No. 626:
Maria Montessori

Today, a determined woman unleashes the inventive mind. The University of Houston's College of Engineering presents this series about the machines that make our civilization run, and the people whose ingenuity created them.

Maria Montessori was born in Italy in 1870. She was a math prodigy. At 24 she was the first woman to graduate from the medical school in Rome. We know Montessori for inventing a radical new scheme for teaching children. She got into that when she started out -- caring for defective children.

Children, she said, are their own best teachers. Adults have as much to learn from children as children do from adults. Give children a rich learning environment. Then give them room to breathe.

Montessori drew ardent support and heated opposition. Her supporters were drawn by her success. Her opposition said she destroyed discipline with her methods.

Montessori was a complex, intriguing woman. She was willful, hard-headed and passionate. On Christmas Eve, 1916, a colleague saw her sobbing in her pew. After Mass they talked. She said,

[They] think I'm a sentimental romantic who dreams only of [kissing children], of telling them fairy tales ... They weary me! I seek to discover the man in the child ... the design of the Creator; the scientific and religious truth. ... I don't need to teach anything to children; it is is they who, placed in a favorable environment, teach me, reveal spiritual secrets as long as their souls have not been deformed.

Montessori's outburst tells us a lot. We catch her intensity. Of course, that crack about deformed souls reveals something else about her. She forced her successes by eliminating failure. She got rid of kids who didn't harmonize with her classrooms. She eliminated troublesome parents and their relatives as well.

But my one small germ of trouble with Montessori is over her philosophy, not her management. She believed we should keep children's feet on the ground. She said:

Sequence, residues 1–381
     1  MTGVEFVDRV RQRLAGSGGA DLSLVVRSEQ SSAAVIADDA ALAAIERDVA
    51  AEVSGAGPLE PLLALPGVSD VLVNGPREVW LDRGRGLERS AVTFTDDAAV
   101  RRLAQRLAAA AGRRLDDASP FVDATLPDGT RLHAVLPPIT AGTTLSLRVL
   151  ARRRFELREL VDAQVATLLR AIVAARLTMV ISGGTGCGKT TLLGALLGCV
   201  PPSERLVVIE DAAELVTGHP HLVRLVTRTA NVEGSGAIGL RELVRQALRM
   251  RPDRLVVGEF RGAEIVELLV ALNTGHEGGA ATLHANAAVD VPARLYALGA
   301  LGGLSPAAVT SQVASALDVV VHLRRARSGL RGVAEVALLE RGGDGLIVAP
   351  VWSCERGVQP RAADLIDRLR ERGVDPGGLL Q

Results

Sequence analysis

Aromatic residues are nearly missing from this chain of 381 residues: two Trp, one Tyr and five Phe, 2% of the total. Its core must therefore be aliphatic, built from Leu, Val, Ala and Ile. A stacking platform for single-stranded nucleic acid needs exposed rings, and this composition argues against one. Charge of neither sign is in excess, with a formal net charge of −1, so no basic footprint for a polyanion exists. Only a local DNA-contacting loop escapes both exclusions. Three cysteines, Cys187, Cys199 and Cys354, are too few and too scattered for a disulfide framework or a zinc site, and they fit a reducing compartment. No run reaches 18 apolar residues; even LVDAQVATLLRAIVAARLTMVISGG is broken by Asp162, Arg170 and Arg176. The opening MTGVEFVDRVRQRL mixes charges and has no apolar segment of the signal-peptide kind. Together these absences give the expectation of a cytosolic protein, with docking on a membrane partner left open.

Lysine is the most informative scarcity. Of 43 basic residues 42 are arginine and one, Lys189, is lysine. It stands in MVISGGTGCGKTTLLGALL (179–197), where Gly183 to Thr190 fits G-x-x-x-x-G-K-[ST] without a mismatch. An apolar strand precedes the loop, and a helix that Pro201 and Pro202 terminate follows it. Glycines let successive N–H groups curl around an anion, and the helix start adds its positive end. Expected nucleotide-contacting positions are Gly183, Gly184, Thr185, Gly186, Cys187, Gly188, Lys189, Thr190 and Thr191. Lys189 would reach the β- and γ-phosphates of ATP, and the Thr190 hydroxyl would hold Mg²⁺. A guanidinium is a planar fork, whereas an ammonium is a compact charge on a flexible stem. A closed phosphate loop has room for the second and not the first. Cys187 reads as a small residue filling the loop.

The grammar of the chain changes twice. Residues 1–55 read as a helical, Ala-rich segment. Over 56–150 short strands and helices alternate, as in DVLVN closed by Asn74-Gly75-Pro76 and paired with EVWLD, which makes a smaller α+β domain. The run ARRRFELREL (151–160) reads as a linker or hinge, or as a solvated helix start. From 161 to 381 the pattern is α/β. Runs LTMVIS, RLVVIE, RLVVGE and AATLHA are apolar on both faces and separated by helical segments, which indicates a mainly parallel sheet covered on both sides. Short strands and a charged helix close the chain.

What we call [creativity] is in reality a composition -- a construction raised on ... material of the mind, which must be collected ... by the senses. ... We are unable to "imagine" things that don't actually present themselves to our senses.

So Montessori surrounded children with sense data. And she steered them away from fantasy.

But is invention no more than reassembled experience? I doubt it. Maybe creativity does rise out of sense data. But it also rides the far rim of sensible reality. If invention really is a leap in the dark, then we limit the gift our children bring by nailing their feet to the ground. Maybe we also misread Montessori when we do.

In any case, Montessori ran on powerful imperatives. One was that we have so much to gain from the children we teach. We realize that gain by seeing through the child's eyes. That was a profound and religious conviction for Montessori. And it can be a powerful creative tool in our hands as well.

I'm John Lienhard, at the University of Houston, where we're interested in the way inventive minds work.

(Theme music)

Berryman, J., Montessori and Religious Education. Religious Education, Vol. 75, No. 3, May-June 1980.


Image courtesy of The Creative Process Inc., Kansas City, MO